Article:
[lg policy] CFP: Information Retrieval and Information Extraction for less resourced langua
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Wed Jul 8 16:19:06 UTC 2009
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[Apologies in advance for any multiple postings]
Call for participation
Information Retrieval and Information Extraction
for Less Resourced Languages
SEPLN 2009 pre-conference workshop
University of the Basque Country
Donostia-San sebastián. Monday 7th September 2009
Organised by the SALTMIL Special Interest Group of ISCA
Deadline for early registration: 15th July 2009
Details on how to register:
09:30 Invited Talk. Lars Borin
10:30 Papers (20+5) min.
1. Information retrieval and extraction in Maltese and Hebrew:
Issues in creating web-based corpora and lexical tools for
Adam Ussishkin, Jerid Francom, Dainon Woudstra
2. TETEYEQ: A mharic question answering for factoid question.
Seid Muhie Yimam, Mulugeta Libsie
11:20 Coffee break
11:40 Papers (20+5) min.
3. Using Wikipedia for Named Entities Translation
Izaskun Fernandez, Iñaki Alegria, Nerea Ezeiza
4. Ihardetsi: A Question Answering system for Basque built on
reused linguistic processors.
Iñaki Alegria, Olatz Ansa, Xabier Arregi , Arantza Otegi,
12:30 Projects (10 min. each)
1. Babelium Project. Promoting the Use and Learning of Minority
Juan A. Pereira Varela, Silvia Sanz-Santamaría, Julián
2. A web-based system for multilingual school reports
David Chan, Dewi Jones, Oggy East
3. The SALT Cymru Special Interest Group – European Funding
Encouraging Collaboration Between Academia and Business in
Wales within the field of Speech and Language Technology.
4. Automated English subtitling of Welsh TV Programmes
5. A Dictionary Shell
Florie Moulin, Laura Laluque, Geróid Ó Néill
"Less resourced languages and Language technology.
Short- and medium-term objectives"
CONTEXT AND FOCUS
The phenomenal growth of the Internet has led to a situation where, by
some estimates, more than one billion words of text is currently
available. This is far more text than any given person can possibly
process. Hence there is a need for automatic tools to access and process
his mass of textual information. Emerging techniques of this kind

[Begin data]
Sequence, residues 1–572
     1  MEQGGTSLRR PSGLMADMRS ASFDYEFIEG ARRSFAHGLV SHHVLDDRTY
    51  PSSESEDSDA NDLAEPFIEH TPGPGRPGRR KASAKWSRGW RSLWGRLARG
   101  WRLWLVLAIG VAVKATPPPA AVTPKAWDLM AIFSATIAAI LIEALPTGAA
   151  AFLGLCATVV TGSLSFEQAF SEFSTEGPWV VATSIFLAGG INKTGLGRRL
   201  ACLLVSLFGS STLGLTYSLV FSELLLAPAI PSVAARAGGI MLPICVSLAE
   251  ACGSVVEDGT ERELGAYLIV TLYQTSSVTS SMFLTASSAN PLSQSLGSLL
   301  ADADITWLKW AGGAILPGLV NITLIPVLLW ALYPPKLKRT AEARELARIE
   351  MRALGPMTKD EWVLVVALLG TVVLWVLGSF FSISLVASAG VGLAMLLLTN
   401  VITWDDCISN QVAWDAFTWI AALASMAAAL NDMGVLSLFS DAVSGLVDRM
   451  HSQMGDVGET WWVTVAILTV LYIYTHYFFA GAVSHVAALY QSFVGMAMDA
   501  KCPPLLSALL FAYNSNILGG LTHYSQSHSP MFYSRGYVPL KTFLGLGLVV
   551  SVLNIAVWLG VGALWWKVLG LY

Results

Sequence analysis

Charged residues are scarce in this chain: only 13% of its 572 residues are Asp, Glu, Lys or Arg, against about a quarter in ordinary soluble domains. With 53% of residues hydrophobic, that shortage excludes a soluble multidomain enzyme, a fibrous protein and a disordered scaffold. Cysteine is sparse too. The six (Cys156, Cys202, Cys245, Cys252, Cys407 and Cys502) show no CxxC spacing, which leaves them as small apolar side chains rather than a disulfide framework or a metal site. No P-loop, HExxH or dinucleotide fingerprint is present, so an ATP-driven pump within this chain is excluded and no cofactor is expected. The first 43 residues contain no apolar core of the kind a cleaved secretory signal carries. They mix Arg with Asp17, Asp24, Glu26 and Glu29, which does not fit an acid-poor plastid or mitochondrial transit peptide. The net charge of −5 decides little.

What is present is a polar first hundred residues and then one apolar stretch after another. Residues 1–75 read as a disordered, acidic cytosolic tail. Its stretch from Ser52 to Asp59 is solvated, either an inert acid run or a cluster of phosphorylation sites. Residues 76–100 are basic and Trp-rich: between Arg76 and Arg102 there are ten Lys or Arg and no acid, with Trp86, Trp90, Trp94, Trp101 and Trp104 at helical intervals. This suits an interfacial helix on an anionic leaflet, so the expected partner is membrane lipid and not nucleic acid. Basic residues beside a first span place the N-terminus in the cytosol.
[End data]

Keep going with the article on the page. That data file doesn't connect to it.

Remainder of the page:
include Information Retrieval (IR), Information Extraction (IE), and
Question Answering (QA)
However, there is a growing concern among researchers about the
situation of languages other than English. Although not all Internet
text is in English, it is clear that non-English languages do not have
the same degree of representation on the Internet. Simply counting the
number of articles in Wikipedia, English is the only language with more
than 20 percent of the available articles. There then follows a group of
17 languages with between one and ten percent of the articles. The
remaining 245 languages each have less than one percent of the articles.
Even these low-profile languages are relatively privileged, as the total
number of languages in the world is estimated to be 6800.
Clearly there is a danger that the gap between high-profile and
low-profile languages on the Internet will continue to increase, unless
tools are developed for the low-profile languages to access textual
information. Hence there is a pressing need to develop basic language
technology software for less-resourced languages as well. In particular,
the priority is to adapt the scope of recently-developed IE, IR and QA
systems so that they can be used also for these languages. In doing so,
several questions will naturally arise, such as:
* What problems emerge when faced with languages having different
linguistic features from the major languages?
* Which techniques should be promoted in order to get the maximum
yield from sparse training data?
* What standards will enable researchers to share tools and
techniques across several different languages?
* Which tools are easily re-useable across several unrelated
It is hoped that presentations will focus on real-world examples, rather
than purely theoretical discussions of the questions. Researchers are
encouraged to share examples of best practice -- and also examples where
tools have not worked as well as expected. Also of interest will be
cases where the particular features of a less-resourced language raise a
challenge to currently accepted linguistic models that were based on
features of major languages.
* Kepa Sarasola, University of the Basque Country
* Mikel Forcada, Universitat d'Alacant
* Iñaki Alegria. University of the Basque Country
* Xabier Arregi, University of the Basque Country
* Arantza Casillas. University of the Basque Country
* Francis Tyers, Universitat d'Alacant
* Briony Williams, Language Technologies Unit, Bangor University,
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